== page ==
Candid’s brain

Git disadvantages

I’ve been considering merging from Subversion to Git lately, and have finally managed to understand how Git works. A good introduction is “Understanding Git Conceptually”. Not a good introduction is the Wikipedia article, as it mainly explains what Git is trying to be, and not what it actually is.

The biggest misunderstanding is that Git is called a “distributed” or “decentralised” revision control, as opposed to a “centralised revision control”. In fact, aside from the fact that you normally have a copy of the full repository in your working copy, Git isn’t that at all. When you hear about a “decentralised” revision control system, you suspect it to work a bit like p2p file sharing, commits would be exchanged directly between developers, a central server mediating only. This is not the fact with Git, you will always have a central repository that you commit to. If you try to develop without a central repository, you will end up in a mess.

The fact that Git is trying to be decentralised without being it leads to confusions that could have been avoided by designing it as a centralised system. For example, when you create a public branch in the central repository, you cannot use that branch directly but instead have to create another local branch that “tracks” the remote branch.

The main difference between Git and Subversion is often claimed to be that in Git you have the whole repository in your working copy, whereas in Subversion you only have the newest commit. This is a minor difference in my eyes, the main difference (and advantage) is that Git has native support for branches (whereas you have to emulate branch behaviour by duplicating directories in Subversion), and these branches can optionally only exist locally. It is very easy to create different branches for different minor changes, and you can develop on them even when you don’t have an internet connection.

The only disadvantage of Git compared to Subversion I have come across is a huge one, and you should really consider it before merging to Git. Git comes with very useful functionality to participate on the development of a project. However, one other very important use of Subversion is to get a copy of a project or a part of it (such as a library) and to easily keep up to date with changes without dropping your own local hacks (something like a “read-only working copy”, you never intend to commit any changes). Git is currently not made for this use at all, as you always have to download a lot more than you need. There is in fact an option to avoid downloading old commits that you don’t need (using --depth=1), but there is no way to only download a specified sub-directory. Common practice in Git is to create an own repository for every part of a project that one might want to check out on its own, and then to include these repositories using submodules (something similar to SVN externals). The problem about that is that it creates a lot of work in Git to make a change in one submodule, commit that and then load the changes into the other repositories including that. And for many projects, it is just impractical to split the code into multiple repositories. If I want to include a part of a large project (such as a part of a library) into my project, I have to include that whole project, which can take hours to download given today’s slow internet connections. There might be workarounds around this, but they certainly aren’t as simple as a single “svn up”.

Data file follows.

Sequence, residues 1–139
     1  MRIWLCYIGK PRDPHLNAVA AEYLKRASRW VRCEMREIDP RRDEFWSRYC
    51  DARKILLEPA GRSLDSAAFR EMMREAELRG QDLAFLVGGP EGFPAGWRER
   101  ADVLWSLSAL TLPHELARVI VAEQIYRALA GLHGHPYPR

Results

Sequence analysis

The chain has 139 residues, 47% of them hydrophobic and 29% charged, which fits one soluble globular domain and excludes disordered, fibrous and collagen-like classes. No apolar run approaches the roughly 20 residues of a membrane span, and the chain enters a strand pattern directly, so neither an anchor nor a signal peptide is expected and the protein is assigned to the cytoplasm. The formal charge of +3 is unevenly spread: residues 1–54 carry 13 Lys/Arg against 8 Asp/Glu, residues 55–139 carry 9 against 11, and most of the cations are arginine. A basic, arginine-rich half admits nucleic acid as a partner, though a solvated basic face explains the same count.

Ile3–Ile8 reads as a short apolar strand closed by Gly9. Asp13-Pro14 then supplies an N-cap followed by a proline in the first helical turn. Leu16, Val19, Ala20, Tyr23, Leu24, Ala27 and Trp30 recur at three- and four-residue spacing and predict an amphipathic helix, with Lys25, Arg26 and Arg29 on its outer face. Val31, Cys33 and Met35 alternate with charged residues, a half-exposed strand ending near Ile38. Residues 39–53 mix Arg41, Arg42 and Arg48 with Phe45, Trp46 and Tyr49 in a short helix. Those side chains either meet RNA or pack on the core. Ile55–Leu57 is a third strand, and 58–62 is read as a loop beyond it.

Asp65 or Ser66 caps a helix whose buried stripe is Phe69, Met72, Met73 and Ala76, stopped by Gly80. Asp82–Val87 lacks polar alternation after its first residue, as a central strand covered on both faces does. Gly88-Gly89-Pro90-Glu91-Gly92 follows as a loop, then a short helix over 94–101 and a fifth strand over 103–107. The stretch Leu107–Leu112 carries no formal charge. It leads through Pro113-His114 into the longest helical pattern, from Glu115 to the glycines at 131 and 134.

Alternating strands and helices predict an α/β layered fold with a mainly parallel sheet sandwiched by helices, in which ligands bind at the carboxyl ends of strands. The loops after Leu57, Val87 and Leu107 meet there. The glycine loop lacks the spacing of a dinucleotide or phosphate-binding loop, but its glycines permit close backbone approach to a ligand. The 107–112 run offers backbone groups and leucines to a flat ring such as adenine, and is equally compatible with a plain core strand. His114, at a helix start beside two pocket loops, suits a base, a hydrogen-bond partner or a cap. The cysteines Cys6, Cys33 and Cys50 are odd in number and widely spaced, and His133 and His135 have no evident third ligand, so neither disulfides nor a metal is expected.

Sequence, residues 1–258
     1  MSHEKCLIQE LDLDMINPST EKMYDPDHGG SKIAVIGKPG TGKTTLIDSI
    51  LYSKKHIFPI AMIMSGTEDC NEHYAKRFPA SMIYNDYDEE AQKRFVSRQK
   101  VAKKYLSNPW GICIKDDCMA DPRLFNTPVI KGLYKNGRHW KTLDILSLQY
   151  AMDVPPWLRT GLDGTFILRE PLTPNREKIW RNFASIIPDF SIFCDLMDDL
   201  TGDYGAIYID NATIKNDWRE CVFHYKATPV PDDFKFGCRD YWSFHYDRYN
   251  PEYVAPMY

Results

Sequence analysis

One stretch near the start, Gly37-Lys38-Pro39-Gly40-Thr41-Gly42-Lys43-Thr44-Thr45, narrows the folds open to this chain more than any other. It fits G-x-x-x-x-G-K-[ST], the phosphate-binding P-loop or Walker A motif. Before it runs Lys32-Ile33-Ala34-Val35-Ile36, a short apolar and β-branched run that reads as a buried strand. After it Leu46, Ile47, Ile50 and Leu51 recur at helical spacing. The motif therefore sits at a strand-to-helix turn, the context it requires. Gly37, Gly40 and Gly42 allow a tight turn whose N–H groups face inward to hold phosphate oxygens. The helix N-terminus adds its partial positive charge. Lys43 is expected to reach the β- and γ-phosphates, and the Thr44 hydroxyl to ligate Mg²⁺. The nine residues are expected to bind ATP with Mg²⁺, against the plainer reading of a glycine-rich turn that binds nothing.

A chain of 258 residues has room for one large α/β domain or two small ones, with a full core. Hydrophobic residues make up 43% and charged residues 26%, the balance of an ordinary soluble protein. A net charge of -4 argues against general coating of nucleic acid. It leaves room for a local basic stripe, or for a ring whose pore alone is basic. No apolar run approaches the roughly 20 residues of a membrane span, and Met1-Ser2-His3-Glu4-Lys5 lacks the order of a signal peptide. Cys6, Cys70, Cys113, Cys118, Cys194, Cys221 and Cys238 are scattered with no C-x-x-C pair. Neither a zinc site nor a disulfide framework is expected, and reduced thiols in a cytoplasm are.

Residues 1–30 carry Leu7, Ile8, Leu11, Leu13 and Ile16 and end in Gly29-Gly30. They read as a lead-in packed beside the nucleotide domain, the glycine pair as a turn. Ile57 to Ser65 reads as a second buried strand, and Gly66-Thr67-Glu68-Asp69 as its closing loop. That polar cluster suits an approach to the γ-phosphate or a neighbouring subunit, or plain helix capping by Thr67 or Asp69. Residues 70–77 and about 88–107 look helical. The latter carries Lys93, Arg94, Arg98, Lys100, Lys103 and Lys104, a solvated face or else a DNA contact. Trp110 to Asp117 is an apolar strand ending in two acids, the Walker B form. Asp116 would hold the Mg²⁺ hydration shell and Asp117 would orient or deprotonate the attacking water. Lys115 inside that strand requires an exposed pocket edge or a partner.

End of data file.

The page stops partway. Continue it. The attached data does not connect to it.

So the major advantage of SVN over Git is that it is very easy and fast to get a complete and up-to-date “read-only” copy of a project by just using “svn co” or “svn up”. In Git, you have to clone the repository, then it might be incomplete because you have to additionally initialise the sub-modules. And downloading those might take hours.

As long as this disadvantage persists in Git, many projects will keep using SVN. And as long as these projects keep using SVN, it will be difficult for other projects to merge to Git, because they reference these projects using svn:externals.

I hope that these possibilities will be included in future versions of Git:

  1. Download a “read-only” copy of a Git repository or one of its sub-directories, with automatic initialisation of its sub-modules. (The copy should of course still be updatable using “git pull”.) Transmitting old commits and other useless bandwidth usage should be avoided.
  2. Something like svn:externals. Something that automatically pulls the newest commit of a repository or its sub-directory into a sub-directory of my working copy.
  3. SVN support for this svn:externals-like thing. It is already well possible to clone a subversion repository, so it shouldn’t be a problem to support importing them.

Filed under bugs

1 Comment

  1. Sam



    another thing that i don’t like about GIT is – it’s not tracking empty directories.

    Now – GIT site claims that it’s not-needed feature and no one cares about it . I’d like to disagree. Many of myweb projects require temp, sessions, logs cache directories which are usually empty to start with. Now – I can add .gitignore file into that directory to make GIT track it – but it feels like such a hack and also inconveniences clearing these directories before commit. Another workaround for this they say – use build scripts. I’m sorry – but in many cases id’be writing build scripts for the whole purpose of commiting an empty directories – this just wrong. after prolonged hesitation I’ve decided to rather go with mercurial which handles empty dirs antively..

Leave a Reply